MichaelI'm an admittedly shy person. I struggle with it and work to push past it but it is part of me and keeps me from doing things that I'd like to do or should do. At times I won't let it. And usually if I do-I'm the better for it. Safety nets help. Props like a guitar to hold while singing or a dog with me to initiate a conversation and break the ice, or my baking. No, this isn't a baking blog (well partly but mostly not).
Months ago, when the fuel prices started jumping, a local TV station did a segment at the P&R (park&ride)-I'm guessing to talk to riders about changes in their daily commute due to prices. Our bus ran too early for the segment but the riders were lucky enough to reap the rewards without the interviews. The news-folks gave away free umbrellas (always useful in Oregon) and free chocolate chip cookies (from a local bakery). I noted how everyone enjoyed them so much and what a transition came over the normally low-key 5:30 AM riders. They laughed, they talked-their whole day seemed brighter. I made a mental note to bring cookies from time to time to give their morning an occasional boost of fun. Weather, other baking projects, light-ridership in the summer with many vacations, etc. have kept me from my promise.
One of the regular bus-riders got a new job. His new job eliminates the need to ride the bus downtown. He can ride his motorcycle directly to work, park for free, and start work later without the time needed to commute back and forth to a P&R. He mentioned last week that his last day on the bus would be today and he'd start the new job on Monday. I decided then I would use his transition and celebration to motivate me to make those cookies. I didn't realize at the time that it would be so hot this week. My kitchen is hovering around 80+ degrees most of the time. I felt a lack of enthusiasm to bake cookies last night but I pushed myself to get up and do it and survived (a little drained and overheated but none the worse for wear). My shy side was struggling-would he think it weird or awkward or enjoy it? Would he catch the earlier bus (common with him) and I'd miss him altogether? I packed the cookies in small paper sacks like the bakeries use-2 to a sack (yes, DBCC cookies but let's not get distracted) and stored them in large zip-lock bags. I figured if it didn't work out, I could bring them home and ship them to a co-worker I plan to send cookies to anyway.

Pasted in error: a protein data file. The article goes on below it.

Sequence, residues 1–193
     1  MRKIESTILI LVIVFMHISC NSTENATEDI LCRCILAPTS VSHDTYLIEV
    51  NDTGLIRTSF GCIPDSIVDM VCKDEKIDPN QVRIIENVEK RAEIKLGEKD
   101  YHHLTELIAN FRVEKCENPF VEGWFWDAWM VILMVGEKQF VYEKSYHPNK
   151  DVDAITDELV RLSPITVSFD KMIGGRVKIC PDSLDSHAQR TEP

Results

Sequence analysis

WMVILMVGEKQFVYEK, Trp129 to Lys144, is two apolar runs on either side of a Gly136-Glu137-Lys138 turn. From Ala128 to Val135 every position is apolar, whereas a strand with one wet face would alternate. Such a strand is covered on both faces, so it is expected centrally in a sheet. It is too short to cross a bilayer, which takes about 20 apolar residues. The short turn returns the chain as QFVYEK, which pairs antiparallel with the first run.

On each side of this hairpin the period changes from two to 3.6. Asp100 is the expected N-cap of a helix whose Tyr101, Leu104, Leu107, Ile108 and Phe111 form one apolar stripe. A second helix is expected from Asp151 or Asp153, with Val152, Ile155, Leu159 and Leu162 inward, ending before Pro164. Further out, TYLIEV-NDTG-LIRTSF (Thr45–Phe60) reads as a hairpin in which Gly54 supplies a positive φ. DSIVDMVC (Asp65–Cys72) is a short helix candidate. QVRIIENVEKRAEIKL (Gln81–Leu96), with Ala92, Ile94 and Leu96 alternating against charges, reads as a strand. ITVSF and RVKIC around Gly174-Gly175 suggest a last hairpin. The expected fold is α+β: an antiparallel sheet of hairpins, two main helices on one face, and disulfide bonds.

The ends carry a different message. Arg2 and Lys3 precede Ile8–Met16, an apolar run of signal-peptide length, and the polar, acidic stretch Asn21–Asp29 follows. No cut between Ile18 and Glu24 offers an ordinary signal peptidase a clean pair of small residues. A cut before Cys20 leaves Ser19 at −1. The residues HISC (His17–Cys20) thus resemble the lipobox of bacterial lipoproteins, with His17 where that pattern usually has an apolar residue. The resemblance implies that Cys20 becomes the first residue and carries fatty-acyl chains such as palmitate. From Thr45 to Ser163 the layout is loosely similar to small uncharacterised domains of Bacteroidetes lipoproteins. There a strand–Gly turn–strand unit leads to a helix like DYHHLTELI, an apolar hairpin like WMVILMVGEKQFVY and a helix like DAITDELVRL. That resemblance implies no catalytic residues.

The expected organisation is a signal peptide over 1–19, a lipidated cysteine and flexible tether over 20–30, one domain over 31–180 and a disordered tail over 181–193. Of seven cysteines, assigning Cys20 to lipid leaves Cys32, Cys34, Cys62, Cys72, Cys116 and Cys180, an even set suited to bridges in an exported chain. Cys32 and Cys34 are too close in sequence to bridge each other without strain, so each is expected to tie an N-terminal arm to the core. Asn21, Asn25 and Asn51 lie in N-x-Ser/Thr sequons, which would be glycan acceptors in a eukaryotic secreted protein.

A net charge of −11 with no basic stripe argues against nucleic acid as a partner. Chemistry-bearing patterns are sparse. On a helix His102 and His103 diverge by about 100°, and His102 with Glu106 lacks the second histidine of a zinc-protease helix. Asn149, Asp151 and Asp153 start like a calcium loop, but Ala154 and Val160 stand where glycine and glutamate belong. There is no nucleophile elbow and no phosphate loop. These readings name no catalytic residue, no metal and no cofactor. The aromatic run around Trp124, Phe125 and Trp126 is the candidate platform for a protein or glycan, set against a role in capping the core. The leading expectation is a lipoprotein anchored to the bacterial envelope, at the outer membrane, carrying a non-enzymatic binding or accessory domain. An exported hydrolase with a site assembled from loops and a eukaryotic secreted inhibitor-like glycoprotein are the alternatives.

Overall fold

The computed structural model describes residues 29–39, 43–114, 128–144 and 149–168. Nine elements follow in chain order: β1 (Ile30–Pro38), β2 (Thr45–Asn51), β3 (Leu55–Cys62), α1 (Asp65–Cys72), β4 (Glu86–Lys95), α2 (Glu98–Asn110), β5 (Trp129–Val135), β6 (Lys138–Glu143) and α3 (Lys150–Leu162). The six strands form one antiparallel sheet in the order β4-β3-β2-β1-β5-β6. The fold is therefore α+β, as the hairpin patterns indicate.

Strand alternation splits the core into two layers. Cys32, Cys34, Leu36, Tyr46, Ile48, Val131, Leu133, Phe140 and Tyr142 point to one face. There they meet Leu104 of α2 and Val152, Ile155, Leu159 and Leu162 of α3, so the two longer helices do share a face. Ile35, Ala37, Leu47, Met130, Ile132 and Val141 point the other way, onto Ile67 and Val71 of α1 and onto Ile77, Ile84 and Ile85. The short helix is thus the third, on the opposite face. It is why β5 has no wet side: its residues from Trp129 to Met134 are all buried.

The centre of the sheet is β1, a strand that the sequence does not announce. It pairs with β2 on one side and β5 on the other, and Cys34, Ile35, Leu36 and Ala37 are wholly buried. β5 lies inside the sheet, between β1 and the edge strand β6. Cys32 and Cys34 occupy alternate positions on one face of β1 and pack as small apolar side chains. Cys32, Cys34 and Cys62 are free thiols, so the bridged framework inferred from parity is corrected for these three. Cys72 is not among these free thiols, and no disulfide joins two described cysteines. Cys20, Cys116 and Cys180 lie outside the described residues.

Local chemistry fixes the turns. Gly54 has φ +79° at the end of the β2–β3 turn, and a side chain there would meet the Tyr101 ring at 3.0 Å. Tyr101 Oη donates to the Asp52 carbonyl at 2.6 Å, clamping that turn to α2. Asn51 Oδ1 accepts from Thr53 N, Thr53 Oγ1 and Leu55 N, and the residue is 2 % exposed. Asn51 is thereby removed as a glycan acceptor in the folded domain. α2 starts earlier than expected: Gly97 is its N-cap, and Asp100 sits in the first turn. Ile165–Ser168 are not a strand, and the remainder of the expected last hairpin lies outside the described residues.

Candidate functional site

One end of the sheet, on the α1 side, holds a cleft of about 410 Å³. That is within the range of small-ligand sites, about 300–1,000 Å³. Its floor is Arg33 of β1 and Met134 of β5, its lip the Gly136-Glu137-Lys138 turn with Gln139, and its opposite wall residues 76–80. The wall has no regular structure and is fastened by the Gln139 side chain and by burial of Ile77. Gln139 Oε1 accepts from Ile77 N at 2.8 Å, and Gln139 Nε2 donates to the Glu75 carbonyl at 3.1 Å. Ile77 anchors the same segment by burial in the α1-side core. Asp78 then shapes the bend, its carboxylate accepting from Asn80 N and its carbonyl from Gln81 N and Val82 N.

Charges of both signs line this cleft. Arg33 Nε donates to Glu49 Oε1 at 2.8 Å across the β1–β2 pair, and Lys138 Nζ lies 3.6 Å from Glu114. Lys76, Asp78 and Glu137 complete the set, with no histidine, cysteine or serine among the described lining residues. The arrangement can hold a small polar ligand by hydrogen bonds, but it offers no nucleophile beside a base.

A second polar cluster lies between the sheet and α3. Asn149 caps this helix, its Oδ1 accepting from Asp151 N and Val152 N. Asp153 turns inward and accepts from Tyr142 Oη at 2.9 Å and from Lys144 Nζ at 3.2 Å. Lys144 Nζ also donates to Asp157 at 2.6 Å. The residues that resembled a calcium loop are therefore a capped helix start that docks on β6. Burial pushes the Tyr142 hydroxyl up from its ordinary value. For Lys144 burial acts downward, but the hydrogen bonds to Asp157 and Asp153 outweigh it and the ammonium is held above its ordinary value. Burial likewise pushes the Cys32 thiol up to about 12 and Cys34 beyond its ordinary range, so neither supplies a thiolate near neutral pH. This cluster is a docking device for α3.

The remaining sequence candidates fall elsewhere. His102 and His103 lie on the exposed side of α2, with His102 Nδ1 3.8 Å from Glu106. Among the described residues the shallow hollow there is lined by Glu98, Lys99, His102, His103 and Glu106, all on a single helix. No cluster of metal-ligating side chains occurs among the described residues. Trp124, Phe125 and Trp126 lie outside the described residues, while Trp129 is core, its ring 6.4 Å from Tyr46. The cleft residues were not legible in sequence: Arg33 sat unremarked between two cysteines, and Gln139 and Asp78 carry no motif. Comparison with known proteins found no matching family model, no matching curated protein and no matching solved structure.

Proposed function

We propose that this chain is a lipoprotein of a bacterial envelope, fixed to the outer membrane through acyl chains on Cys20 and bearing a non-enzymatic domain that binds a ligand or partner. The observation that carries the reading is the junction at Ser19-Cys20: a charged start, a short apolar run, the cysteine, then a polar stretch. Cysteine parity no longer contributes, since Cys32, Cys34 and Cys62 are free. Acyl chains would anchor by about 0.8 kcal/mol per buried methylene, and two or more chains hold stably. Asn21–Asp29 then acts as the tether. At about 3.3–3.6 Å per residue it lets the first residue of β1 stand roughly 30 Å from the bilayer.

When I got to the P&R, I was happy to see he didn't catch the early bus. Now, warring with my shyness, I went up and wished him a good morning and dove in. I stuck out my hand and said "my name is Linda-we've never been introduced and shared names". He took my hand and said "my name is Michael". I proceeded to tell him I brought cookies for his last day to celebrate his "retirement" from the bus-stop. He got a great laugh off of it but seemed to appreciate the cookies. We talked about his current job, his soon-to-be-ex-coworkers, his new job, etc. Gradually new riders drifted up. I pushed down my shyness again and went up to each and said "Michael is starting a new job on Monday and we are celebrating his retirement as a bus-rider with chocolate chip cookies-if you would like some". One rider turned me down-thinking he would have to eat them immediately until I told him they were in a bag to carry, he changed his mind and took the offering. The rest didn't hesitate and some dove right in and started eating cookies for breakfast (Merrick says that is a good use for a cookie!).
Everyone started congratulating Michael and asking questions about his new job, where it was, what type of job, etc. Some started talking about how long they had been riders (one was 28 years-yikes!) and chatting with each other.
How quickly we turned from a group of people happy it is Friday but struggling to start the day to a group of people sharing a moment with a co-rider and wishing him well. The late arrivals missed out-I had to board the bus.
I handed off the remaining cookies to Michael to share with his co-workers on his last day and maybe his family when he gets home tonight. Hopefully the cookies, camaraderie and positive start to the day will carry over for everyone but especially for Michael as he segues from one job to another. He seems like a nice guy and I wish him well. The job sounds challenging and permanent unlike the current contract work with its less than solid security in this economy. And he said the company is small but a good company.
Good Luck, Michael!